Tips for Avoiding Back Problems at Work
Millions of people suffer from back problems each year. In fact, according to research, it is estimated a whopping 80 percent of people have to deal with this type of pain at some point during their lives, whether it occurs as a sudden, sharp pain; a constant, dull ache; or as a chronic condition that lasts for three months or more. Back pain can affect people of both sexes, of all ages, and can be triggered by numerous things. And back problems at work can cripple productivity.
Considering that we need good back health to get through our daily lives, and to achieve our career goals, it’s important to do everything you can to stay in tip-top shape. Read on for some ways you can care for your back, stay safe at work and elsewhere, and avoid having this type of pain affect your life.
Take Regular Breaks, Use Ergonomic Equipment, and Maintain Good Posture
When you’re busy working (likely sitting at a desk) it’s easy for the time to just slip away and for it to be hours before you lift your head. However, if you want to keep your back in good order, it is necessary to take regular breaks.
This doesn’t just mean taking a few seconds to grab a drink or go to the bathroom, but rather to properly move about and stretch. Sitting for long periods of time without taking breaks is a common cause of back strain, and is an even bigger issue if you, like most other people, have poor posture as you’re sitting there.
Taking breaks to go for a walk, do yoga, climb stairs, hit the gym, perform lunges or otherwise get active helps to combat the fact that you’re probably slouching at your desk and looking down, with your neck and chin jutted outwards, at a computer screen for hours on end.
It pays to get some training to ensure you’re using proper posture at work and at home, or you can partake of exercises you find online or which are given to you by an occupational therapist, physiotherapist, osteopath, chiropractor, yoga instructor or the like. For specialized assistance, consult professionals such as those at this Pennsylvania pain management clinic for qualified therapists who regularly help people deal with, and avoid, back pain.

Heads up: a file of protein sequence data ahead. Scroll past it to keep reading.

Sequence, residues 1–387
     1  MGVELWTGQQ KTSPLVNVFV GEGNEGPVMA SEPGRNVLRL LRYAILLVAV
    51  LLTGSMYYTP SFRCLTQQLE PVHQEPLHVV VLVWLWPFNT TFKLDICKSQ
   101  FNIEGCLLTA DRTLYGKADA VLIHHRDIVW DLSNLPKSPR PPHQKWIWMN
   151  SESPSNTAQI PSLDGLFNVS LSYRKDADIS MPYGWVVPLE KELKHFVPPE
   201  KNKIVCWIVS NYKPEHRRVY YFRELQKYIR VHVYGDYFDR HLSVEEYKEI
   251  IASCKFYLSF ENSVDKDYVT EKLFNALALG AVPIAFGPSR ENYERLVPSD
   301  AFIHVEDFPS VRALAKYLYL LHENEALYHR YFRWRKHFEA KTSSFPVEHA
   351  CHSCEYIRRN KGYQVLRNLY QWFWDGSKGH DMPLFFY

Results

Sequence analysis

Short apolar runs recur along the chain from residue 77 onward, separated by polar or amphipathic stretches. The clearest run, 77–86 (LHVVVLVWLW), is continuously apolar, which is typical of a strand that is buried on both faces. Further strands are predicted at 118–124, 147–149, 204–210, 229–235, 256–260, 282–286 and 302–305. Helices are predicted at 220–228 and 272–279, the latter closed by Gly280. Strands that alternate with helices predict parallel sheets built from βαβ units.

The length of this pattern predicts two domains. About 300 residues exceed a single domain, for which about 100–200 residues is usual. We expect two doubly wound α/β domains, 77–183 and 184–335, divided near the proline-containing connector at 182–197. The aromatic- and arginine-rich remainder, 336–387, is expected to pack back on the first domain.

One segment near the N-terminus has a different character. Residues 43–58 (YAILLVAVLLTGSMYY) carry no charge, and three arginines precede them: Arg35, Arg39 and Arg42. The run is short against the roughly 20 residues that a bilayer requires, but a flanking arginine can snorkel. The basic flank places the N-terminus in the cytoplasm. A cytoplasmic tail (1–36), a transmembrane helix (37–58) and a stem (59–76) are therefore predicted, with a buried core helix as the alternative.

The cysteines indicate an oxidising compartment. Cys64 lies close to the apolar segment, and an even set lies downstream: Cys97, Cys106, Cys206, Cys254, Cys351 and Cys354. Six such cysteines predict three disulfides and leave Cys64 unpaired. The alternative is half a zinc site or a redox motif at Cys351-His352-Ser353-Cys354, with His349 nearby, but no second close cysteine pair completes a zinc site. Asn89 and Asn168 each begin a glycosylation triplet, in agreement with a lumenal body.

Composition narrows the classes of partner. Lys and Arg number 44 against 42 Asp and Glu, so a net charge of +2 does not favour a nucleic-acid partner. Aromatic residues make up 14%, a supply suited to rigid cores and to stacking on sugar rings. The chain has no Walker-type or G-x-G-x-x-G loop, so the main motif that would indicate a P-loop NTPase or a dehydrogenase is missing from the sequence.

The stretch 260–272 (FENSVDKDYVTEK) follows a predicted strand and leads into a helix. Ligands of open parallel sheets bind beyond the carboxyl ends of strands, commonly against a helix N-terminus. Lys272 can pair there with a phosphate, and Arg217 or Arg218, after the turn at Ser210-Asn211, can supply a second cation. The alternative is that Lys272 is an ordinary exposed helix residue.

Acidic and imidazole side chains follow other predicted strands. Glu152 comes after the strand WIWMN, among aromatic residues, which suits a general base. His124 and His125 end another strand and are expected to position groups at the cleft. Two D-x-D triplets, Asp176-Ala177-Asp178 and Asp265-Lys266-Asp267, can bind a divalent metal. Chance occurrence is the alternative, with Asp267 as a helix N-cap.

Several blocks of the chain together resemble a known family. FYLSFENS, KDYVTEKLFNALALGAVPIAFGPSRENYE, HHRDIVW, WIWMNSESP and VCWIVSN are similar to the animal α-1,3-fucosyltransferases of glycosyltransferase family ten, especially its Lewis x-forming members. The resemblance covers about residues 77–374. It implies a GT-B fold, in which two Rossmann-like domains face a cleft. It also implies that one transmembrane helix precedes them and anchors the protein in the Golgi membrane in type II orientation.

In addition, improve your back health by always using ergonomic equipment at work. This includes having a desk and chair that are the right height for you; using a supportive mouse pad; choosing a standing desk where possible; and so on.
Be Careful When Bending and Lifting
Next, whether it comes to your office space and general home life, take care when bending and lifting. Thousands of people hurt their backs each year because they have bent in a strange way, twisted to move awkward things, or lifted heavy or bulky items by themselves when they shouldn’t have. You need to learn proper lifting techniques that involve pressing from your legs and using their strength, rather than your back, to take weight.
When moving groceries between your car and the house, or when moving boxes and other items around your office, use trolleys or the assistance of another person, or simply divide items into smaller/lighter weights. Keep in mind that, if you have children, carrying them around on your hips, shoulders, or back can also put a lot of stress on your muscles and joints and put things out of alignment too.
When it comes to moving things, remember that pushing tends to be easier than pulling for your body, so look for ways to adjust techniques appropriately. Plus, be careful when you have to access items in cramped or hard to reach places, even if they’re light – bending unnaturally can put your back out. Furthermore, don’t try to reach up on tippy toes for goods which have been stored above shoulder level. Instead, stand on a stable surface, such as a ladder or sturdy stool.
Keep Work Spaces Safer
Lastly, follow key steps to keep your work spaces safer in other ways. For instance, mop up spills and otherwise wet or sticky surfaces ASAP so you don’t fall and slip. Keep areas free from the clutter which can cause you to trip over and hurt yourself. For example, stow away things like boxes, piles of books, pet and children’s toys if relevant, and more.
You should also be wary of how you store heavy items, so that nothing heavy falls on you from above and causes you to injure your back. Work at heights safely too, by wearing protective gear, ensuring ladders and platforms are secure, and avoiding standing and working at height for long periods of time.